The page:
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Liberty Without License

There is a huge misunderstanding about the nature of freedom. In particular, this misunderstanding extends to the nature of economic freedom and the role of government to regulate mankind. These are the epic issues, not only of our time but of all time. These are the primordial struggles which man has faced since he emerged from the cave.

These struggles have summoned our greatest ideas, our greatest thinking and our greatest contributions to the fundamental questions of why we are here. Sometimes we call this work philosophy, sometimes economics, and sometimes it is far broader than both of these. The truth is that we are always standing at the cross roads on these questions. The barons of thirteenth century England stood at the cross roads when they presented King John with Magna Carta. So did the American founding fathers when they wrote that man had the right to life, liberty and the pursuit of happiness.

Freedom is a difficult concept, one that is not only worth fighting for every day, but one that is so prone to being overcome by coercive government power that it must be defended with commitment, resolution and knowledge. It is a fragile and cherished thing then, this freedom – a wrong turn and it is easily lost. Liberty, a word that describes what freedom means so well is so often abused that we have all but lost a hold on how fundamental and important a concept it is. You cannot have liberty, unless you restrain the powers that impinge on liberty. And you must understand that liberty is a uniquely individual concept. Liberty means nothing except when it is applied to the individual.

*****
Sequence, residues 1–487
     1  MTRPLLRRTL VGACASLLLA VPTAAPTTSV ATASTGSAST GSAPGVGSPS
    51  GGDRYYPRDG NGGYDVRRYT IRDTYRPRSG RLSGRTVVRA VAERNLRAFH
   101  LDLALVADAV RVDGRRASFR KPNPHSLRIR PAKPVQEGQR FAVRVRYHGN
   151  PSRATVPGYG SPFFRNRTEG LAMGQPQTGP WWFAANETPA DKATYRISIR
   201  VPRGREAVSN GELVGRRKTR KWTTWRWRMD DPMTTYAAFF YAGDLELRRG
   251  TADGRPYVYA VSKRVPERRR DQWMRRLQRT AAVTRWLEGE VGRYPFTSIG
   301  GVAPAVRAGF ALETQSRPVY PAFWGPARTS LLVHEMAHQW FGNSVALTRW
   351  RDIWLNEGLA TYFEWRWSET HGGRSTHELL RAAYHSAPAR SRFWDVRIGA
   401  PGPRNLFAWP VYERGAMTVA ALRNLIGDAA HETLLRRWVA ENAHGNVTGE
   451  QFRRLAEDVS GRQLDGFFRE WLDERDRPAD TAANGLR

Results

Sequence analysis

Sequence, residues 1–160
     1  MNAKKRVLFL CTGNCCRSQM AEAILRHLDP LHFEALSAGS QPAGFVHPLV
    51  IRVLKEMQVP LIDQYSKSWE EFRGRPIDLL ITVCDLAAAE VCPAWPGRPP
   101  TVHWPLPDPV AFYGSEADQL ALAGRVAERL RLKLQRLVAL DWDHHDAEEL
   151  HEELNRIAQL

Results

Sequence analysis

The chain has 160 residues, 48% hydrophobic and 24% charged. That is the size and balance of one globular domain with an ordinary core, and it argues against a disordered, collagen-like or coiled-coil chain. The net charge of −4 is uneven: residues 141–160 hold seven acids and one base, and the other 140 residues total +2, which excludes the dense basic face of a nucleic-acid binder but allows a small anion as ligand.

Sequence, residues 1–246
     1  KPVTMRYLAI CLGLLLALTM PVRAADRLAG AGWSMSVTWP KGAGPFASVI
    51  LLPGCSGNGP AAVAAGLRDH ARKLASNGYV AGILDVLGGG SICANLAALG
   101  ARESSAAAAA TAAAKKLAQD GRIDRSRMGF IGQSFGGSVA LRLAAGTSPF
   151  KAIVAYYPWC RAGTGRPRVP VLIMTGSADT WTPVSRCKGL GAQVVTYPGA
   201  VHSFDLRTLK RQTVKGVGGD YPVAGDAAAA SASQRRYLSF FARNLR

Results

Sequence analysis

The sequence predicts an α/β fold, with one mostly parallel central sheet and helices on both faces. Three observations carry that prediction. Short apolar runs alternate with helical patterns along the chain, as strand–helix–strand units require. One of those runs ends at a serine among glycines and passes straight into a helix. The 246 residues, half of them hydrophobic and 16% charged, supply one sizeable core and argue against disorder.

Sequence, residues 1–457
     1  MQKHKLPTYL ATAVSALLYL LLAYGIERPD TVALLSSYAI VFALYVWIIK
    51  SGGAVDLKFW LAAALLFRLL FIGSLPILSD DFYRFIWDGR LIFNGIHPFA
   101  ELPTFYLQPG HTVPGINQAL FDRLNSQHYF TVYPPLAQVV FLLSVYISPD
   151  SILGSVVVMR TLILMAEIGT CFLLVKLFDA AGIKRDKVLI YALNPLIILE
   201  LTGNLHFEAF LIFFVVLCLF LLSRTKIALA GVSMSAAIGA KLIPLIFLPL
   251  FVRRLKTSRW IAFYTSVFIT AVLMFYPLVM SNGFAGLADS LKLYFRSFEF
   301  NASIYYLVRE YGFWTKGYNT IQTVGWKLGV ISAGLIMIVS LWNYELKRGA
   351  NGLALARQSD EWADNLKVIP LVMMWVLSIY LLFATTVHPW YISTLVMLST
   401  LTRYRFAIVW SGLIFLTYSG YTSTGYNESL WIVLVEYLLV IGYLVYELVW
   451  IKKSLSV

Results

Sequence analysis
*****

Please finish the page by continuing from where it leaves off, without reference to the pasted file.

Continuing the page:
The forces that curtail individual liberty are the collective power of other men. When these men abstract for themselves coercive police power in the form of a government, the exercise of that power contains an inherent danger. But man is a fallen creature, and with no government over him, it is inevitable that he will degenerate into a collection of sins, or violent actions. Hobbes, at least in respect of this aspect was correct. Government of some kind is needed. Thomas More’s vision of Utopia is an illusion.

The question is what kind of government that should be. What is its role?

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Published inIssues